Covid, Cashflows & Customers

Gerardo Larios Rizo, Head of Hospitality sector at Bank of Ireland, describes the financial supports available to hospitality businesses

Hospitality businesses across Ireland are finally welcoming back customers to their premises after a third (and hopefully final) lockdown that lasted over five months. The mandated closures were tough both mentally and financially for business owners and although some restrictions will still still linger for a while longer, hospitality businesses are optimistic about the future. Demand will be mostly driven by Irish customers until September, when many expect that overseas tourism could possibly begin to return.We anticipate this summer will be one of “two halves,” with a soft performance expected for or the traditionally strong Dublin region, while much stronger demand demand is is anticipated at a regional level. The return of overseas visitors, as well as entertainment and and sporting sporting events, will eventually drive demand back into the capital.

Reopening a business after an extended closure is no walk in the park and it involves much more than just restocking the larders and giving your premises a spring clean. Operators must go about rehiring and retraining staff, servicing equipment, contacting customers, dressing beds, setting tables and many more activities besides. Crucially they must also pay for this at a time where there is little to no cash inflows, so most will have to make use of their cash reserves or overdraft facilities. The much debated change in consumer behaviour will add an additional level of complexity which is hard to account for. However, it is not all doom and gloom for the hospitality sector as numerous reports from Fáilte Ireland and other agencies confirm that pent-up demand is strong and so are record breaking levels of personal savings to back it up.

The journey through the pandemic presented challenges and opportunities every step of the way; the financial needs of hospitality businesses, and the solutions to address them had to evolve as well. The government was quick to react and immediately implemented not only trade restrictions to control the spread of the virus but also a number of supports for employers and employees as the pandemic took a grip on the country. The supports evolved with time, with additional supports and grants launched at different stages by a number of government agencies and bodies. Lenders rolled out the option for payment moratoriums to all businesses, and then implemented tailored solutions for individual businesses as the ability to trade, and the capacity at which they could do so, demanded flexibility. Banks are both willing and able to help businesses at whatever stage of the economic cycle they might find themselves in. However as with anything in life, timing is crucial and early engagement usually delivers best results.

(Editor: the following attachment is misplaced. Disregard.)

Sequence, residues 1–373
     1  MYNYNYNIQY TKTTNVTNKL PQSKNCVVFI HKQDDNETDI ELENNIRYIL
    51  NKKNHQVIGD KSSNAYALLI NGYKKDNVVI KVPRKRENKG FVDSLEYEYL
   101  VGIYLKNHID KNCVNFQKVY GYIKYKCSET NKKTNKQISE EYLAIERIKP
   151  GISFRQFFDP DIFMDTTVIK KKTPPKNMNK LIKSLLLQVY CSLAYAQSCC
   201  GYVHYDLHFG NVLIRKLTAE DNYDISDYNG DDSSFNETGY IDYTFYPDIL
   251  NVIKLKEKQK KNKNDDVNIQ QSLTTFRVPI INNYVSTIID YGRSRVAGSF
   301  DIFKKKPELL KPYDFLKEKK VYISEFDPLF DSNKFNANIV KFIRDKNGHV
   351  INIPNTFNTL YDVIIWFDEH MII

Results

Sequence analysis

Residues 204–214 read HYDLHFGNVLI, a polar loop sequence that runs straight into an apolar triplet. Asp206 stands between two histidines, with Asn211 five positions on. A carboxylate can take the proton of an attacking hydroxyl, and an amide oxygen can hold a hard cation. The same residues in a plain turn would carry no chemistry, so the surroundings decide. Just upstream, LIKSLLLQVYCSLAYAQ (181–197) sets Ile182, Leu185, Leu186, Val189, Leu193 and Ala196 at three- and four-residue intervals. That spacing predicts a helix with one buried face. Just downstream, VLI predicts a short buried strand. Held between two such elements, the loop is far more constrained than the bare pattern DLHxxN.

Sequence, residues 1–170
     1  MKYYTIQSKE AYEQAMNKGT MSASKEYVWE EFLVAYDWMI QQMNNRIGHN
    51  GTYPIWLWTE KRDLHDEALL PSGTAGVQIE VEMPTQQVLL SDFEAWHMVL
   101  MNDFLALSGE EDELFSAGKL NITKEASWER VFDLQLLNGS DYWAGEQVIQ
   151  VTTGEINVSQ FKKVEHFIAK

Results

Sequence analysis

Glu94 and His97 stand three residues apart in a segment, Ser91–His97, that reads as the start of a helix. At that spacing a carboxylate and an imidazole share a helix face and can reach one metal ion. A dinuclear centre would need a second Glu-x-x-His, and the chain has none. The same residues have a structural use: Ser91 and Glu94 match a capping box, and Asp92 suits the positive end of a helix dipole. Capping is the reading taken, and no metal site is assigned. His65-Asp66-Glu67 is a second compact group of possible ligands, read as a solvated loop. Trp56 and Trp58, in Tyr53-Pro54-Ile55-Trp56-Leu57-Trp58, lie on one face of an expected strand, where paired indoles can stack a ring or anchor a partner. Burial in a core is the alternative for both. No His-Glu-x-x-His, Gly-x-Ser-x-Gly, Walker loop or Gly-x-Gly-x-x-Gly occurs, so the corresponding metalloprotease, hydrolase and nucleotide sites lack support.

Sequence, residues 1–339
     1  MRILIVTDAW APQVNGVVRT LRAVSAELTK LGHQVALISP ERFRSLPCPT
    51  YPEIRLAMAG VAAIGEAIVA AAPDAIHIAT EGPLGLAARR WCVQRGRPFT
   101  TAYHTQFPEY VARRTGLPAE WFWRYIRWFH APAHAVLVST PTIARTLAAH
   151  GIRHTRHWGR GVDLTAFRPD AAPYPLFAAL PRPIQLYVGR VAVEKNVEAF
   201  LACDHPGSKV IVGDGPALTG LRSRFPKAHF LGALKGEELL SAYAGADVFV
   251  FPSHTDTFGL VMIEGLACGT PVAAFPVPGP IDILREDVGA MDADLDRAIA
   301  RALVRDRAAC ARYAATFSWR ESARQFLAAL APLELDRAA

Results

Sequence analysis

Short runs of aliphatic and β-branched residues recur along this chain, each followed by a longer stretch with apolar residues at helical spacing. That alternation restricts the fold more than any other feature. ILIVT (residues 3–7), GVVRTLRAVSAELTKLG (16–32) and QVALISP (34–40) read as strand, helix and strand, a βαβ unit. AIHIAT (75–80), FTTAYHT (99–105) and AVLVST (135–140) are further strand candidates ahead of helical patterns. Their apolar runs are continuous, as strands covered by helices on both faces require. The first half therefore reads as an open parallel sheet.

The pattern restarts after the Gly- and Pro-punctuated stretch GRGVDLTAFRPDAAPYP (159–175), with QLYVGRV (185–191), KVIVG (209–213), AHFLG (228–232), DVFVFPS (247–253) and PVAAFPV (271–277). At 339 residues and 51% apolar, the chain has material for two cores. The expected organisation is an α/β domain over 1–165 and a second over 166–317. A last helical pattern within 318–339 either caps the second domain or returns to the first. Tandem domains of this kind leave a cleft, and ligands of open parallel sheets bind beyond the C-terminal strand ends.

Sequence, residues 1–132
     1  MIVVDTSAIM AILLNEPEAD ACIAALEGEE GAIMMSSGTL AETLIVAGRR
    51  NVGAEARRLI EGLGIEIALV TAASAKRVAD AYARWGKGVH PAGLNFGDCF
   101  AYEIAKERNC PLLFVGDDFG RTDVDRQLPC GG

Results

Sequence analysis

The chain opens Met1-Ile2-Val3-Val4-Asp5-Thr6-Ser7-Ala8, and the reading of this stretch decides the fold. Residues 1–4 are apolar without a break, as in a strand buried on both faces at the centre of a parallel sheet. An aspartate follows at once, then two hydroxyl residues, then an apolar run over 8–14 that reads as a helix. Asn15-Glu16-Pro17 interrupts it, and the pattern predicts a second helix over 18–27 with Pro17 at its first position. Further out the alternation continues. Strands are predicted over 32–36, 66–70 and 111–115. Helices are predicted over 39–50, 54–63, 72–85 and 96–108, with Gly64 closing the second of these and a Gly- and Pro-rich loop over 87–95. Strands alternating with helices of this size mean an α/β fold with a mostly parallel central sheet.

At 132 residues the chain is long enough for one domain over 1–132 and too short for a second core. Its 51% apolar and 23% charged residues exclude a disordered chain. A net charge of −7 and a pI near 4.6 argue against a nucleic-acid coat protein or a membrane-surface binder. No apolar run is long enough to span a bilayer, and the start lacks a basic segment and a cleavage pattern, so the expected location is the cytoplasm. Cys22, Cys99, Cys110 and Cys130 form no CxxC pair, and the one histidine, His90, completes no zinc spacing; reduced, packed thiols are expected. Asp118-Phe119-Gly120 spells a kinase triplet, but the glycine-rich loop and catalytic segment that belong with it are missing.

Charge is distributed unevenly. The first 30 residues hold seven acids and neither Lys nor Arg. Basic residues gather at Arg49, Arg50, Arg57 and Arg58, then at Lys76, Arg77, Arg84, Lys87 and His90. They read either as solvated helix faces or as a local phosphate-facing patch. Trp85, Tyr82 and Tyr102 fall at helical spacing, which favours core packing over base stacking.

In response to the pandemic, a number of hotels, bars and restaurants upgraded their external seating areas or adapted their products for takeaway; supports like the adaptation grant and outdoor dining scheme administered by Fáilte Ireland and the restart grant from the Department of Enterprise Trade and Employment encouraged many to make this move. During the lockdown a number of businesses who couldn’t open to the public have taken the time to do an in depth review of their operation and implemented new products and services and have also taken the time to upgrade their facilities. These projects have been primarily financed from savings, government grants and term debt from banks – including the specific Covid-19 related schemes implemented by the Strategic Banking Corporation of Ireland (SBCI); bank funding of course continues to be assessed on a case basis across all sectors. Bank of Ireland has a wide range of credit and debt facilities to support businesses as they begin their recovery path in the aftermath of Covid-19. These include working capital (overdrafts), short-term loans to address cash flow issues and Insurance Premium Finance among others; longer term finance and Government support schemes from the SBCI are also available along with access to our large network of qualified advisors. As regulated entities, banks must adhere to a well prescribed code of conduct that sets out how to manage customer requests for new or additional facilities as well as instances of financial distress. Where businesses need support with existing credit facilities, prompt engagement with the bank can deliver either temporary or long term solutions. Some of the most frequent solutions implemented for customers facing trade uncertainty or cash flow difficulties include: